Salmon farms in Norway and Scotland target of shame campaign; major salmon farmer agrees to study alternative plan 01/22/2007
Two years ago, we reported on devastating escapes of farmed salmon from Norwegian and Canadian facilities (see "Atlantic Salmon Escape, May Interbreed with Wild Fish” and "Salmon Escape Norwegian Farm in Staggering Numbers”).
Worse yet, in what the Norwegian Directorate of Fisheries called a "…grave environmental threat to Norway's wild stocks…,” the agency reports that 2006 set a record for escaped salmon, with almost 800,000 salmon and trout slipping out of the small Scandinavian nation's huge fish farms.
This 10 percent increase in escapes over 2005 was blamed in part on large storms that allowed farmed fish to leap over the tops of their pens.
Last week, IntraFish Media quoted Maren Esmark, head of the marine program for World Wildlife Fund (WWF) in Norway making this sober assessment:
"Without much more severe punishments for offending fish farmers, the problem is likely to get even worse as the size of the Norwegian aquaculture industry continues to expand.
"Right now, the punishments being handed down don't faze the [fish farmers] at all. If the Norwegian government really wants to take this problem seriously, and devote the resources necessary to confront it, they could have a serious impact” (Stromsta K 2007).
Fish auction website Mercapesca.net quoted Peter Gullestad, chief of the Norwegian Directorate of Fisheries, as calling the procedural failures at fish farms "…a criminal act that must be sanctioned the same as a hold-up or a rape” (Mercapesca.net 2007).
Scottish group tries shaming farms
According to a story in Fish Farmer magazine earlier this month, the Salmon Farm Protest Group (SFPG) of Scotland revealed the names of fish farmers that lost 821,000 farmed salmon to escapes during 2005 (Fish Farmer 2007).
Figures released by the Scottish Executive show that 1.6 million salmon have escaped from fish farms since 2000.
Recent research results shows that the progeny of farmed and wild salmon suffer catastrophically low survival rates: an effect scientists term an "extinction vortex” that could eliminate wild salmon stocks that over millennia have adapted to particular rivers and rough North Sea waters.
A ruling from the Scottish Freedom of Information Commission, requested by the US-based Pure Salmon campaign (www.puresalmon.org), forced the Scottish Fisheries Research Services (FRS) to disclose the name of a fish farmer involved in an escape incident in 2006.
Subsequently, the SFPG asked the agency for the names of fish farmers involved in all escapes and fish deaths during 2005.
According to the protest group, records reveal that the worst offender was a Norwegian-owned firm that lost 321,000 farmed salmon from sea cages in Scottish waters.
Another 289,000 fish were lost at two farms when the cages broke up due to severe weather conditions seemingly quite predictable in the violent North Sea.
Last August, website telegraph.co.uk quoted Pure Salmon campaign leader Don Staniford as saying, "Farming salmon in sea cages is an open invitation to mass escapes. Salmon farmers term escapes ‘Acts of God' but placing farms in remote locations where the weather is known to be stormy makes escapes seem more a man-made than a natural disaster.”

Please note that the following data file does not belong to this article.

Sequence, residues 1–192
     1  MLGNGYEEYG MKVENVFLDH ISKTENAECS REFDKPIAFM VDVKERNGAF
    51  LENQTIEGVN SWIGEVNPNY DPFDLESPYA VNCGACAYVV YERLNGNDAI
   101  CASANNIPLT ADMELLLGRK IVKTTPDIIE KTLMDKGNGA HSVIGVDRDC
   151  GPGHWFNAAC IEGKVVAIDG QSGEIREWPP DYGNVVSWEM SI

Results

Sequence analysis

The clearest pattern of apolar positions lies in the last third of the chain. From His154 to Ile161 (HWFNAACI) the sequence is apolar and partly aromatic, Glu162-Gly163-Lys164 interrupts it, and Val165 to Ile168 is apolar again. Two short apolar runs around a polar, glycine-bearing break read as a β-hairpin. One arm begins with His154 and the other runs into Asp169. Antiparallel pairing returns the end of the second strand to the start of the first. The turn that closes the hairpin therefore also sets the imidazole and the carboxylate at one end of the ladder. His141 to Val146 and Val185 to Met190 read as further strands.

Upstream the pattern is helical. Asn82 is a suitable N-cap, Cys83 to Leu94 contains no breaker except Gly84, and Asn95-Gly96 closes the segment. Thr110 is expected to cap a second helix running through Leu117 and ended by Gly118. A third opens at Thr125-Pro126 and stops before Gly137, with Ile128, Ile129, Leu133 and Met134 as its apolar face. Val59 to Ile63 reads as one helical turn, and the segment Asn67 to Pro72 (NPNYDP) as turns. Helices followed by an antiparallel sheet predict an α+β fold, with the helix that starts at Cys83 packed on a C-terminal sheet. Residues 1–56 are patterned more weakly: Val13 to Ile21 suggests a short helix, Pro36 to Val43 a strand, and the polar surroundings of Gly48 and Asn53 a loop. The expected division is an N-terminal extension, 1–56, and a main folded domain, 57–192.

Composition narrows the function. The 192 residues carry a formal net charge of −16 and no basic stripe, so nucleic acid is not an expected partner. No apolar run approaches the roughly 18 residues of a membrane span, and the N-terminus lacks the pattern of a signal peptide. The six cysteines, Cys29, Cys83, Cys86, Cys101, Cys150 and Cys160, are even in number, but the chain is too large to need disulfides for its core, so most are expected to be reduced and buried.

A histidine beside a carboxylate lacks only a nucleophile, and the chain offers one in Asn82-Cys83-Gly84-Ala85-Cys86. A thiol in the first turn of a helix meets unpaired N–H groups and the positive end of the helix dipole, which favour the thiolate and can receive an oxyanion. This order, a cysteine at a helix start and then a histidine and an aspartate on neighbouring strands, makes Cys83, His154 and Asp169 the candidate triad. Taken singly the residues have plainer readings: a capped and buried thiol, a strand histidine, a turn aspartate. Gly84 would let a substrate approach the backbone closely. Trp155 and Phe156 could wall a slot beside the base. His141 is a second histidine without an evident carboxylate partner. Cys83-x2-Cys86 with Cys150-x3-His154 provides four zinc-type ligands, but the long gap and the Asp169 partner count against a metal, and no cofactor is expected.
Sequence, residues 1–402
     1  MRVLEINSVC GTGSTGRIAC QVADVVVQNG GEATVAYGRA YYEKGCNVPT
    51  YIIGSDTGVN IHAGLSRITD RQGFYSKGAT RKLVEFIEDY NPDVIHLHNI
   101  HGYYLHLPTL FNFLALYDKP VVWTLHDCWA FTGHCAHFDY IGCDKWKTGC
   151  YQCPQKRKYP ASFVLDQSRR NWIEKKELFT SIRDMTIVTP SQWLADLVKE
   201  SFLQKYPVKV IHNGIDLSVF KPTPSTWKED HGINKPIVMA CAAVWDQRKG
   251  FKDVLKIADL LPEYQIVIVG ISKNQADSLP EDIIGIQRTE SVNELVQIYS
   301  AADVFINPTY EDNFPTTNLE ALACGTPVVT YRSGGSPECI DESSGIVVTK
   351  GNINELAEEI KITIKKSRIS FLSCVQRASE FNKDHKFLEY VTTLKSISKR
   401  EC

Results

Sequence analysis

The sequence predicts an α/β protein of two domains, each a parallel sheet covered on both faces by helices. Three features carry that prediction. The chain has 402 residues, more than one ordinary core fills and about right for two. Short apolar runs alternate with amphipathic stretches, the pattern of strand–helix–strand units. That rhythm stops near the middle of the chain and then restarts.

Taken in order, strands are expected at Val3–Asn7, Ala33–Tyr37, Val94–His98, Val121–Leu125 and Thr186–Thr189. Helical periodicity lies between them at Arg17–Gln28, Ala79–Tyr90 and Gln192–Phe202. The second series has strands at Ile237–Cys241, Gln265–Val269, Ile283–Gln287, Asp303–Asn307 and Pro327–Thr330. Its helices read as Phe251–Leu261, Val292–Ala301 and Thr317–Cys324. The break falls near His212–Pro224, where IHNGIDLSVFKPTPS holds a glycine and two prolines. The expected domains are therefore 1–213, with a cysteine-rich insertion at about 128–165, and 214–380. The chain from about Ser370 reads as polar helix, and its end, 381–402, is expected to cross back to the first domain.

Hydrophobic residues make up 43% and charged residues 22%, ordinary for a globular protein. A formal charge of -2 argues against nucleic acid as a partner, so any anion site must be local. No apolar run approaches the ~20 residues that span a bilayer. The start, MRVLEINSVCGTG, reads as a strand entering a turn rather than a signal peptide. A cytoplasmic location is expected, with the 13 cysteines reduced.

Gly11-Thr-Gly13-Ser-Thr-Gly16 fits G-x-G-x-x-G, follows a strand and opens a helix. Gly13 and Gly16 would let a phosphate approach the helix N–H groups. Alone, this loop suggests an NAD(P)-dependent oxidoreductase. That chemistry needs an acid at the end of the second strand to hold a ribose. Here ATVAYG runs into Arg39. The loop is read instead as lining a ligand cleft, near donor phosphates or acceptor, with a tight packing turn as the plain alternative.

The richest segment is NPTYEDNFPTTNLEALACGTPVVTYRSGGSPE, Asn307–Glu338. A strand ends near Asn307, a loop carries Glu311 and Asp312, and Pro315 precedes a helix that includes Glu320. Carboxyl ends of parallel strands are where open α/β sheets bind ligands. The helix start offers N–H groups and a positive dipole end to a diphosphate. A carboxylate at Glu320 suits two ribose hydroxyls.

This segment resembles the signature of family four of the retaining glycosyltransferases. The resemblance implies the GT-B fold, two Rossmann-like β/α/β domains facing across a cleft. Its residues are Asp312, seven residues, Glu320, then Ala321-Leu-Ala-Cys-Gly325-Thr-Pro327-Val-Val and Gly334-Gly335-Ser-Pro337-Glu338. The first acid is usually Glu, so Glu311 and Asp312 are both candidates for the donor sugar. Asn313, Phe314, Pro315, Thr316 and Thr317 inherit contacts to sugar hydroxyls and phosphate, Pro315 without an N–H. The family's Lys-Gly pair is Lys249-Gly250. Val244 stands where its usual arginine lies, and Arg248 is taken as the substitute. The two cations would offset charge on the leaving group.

And Fish Farmer magazine quoted SFPG chairman Bruce Sandison as saying, "Farm salmon escapes seriously damage the genetic integrity of our wild fish stocks. The public will also be able judge for themselves the true value of the Scottish Salmon Producers (SSPO) voluntary ‘Code of Good Practice...'”
Sustainable fish-farming is possible
Fish farming may be one answer to the gap between seafood supply and demand, but it must take place under fully safe, sustainable circumstances—such as closed containers sited on shore—or we could lose salmon and certain other exceptionally valuable wild fish forever.
Intrafish Media quoted Andrew Kavanaugh, director of the US-based National Environmental Trust (NET) as saying, "It would be expensive, but we've done different cost analyses, and if you move the big farms closer to city centers, where people are actually eating, then you can save on transportation costs and it becomes financially doable.”
The Trust runs the Pure Salmon campaign (www.puresalmon.org), which advocates for sustainable fishing and fish farming. According to a press release that NET sent out last May, shareholders of the world's third-biggest farmed salmon producer (Cermaq) directed its board to review a resolution from the Trust that proposes closed-pen solutions to salmon farming.
For more on this topic, see "Closed Containment: The Best Solution.”
- National Environmental Trust. Cermaq Board Agrees to Review Pure Salmon Reform Plan. May 3, 2006. Accessed online January 13, 2007 at http://www.net.org /proactive/newsroom/release.vtml?id=29095
- Mercapesca.net. Wild salmon threatened by mass escape from Norwegian fish farms. Accessed online January 13, 2007 at http://www.mercapesca.net/index.php? IDIOMA= ENG&MPRIN=MER&MSEC=MER.NOT&PLANA=2&ACCIO=2014
- Stromsta K. Record year for Norwegian fish farm escapes. IntraFish Media AS. Accessed online January 13, 2007 at http://www.intrafish.no /global/news/article124865.ece.
- Fish Farmer. Protest group "names and shames” salmon farmers. Accessed online January 13, 2007 at http://www.fishfarmer-magazine.com/news/fullstory.php /aid/829/Protest_group_%93names_and_shames% 94_salmon_farmers.html
- Clover C. Wild salmon put at risk as a million farmed fish escape. telegraph.co.uk 29/08/2006. Accessed online January 13, 2007 at http://www.telegraph.co. uk/news/main.jhtml?xml= /news/2006/08/29/nfish29.xml.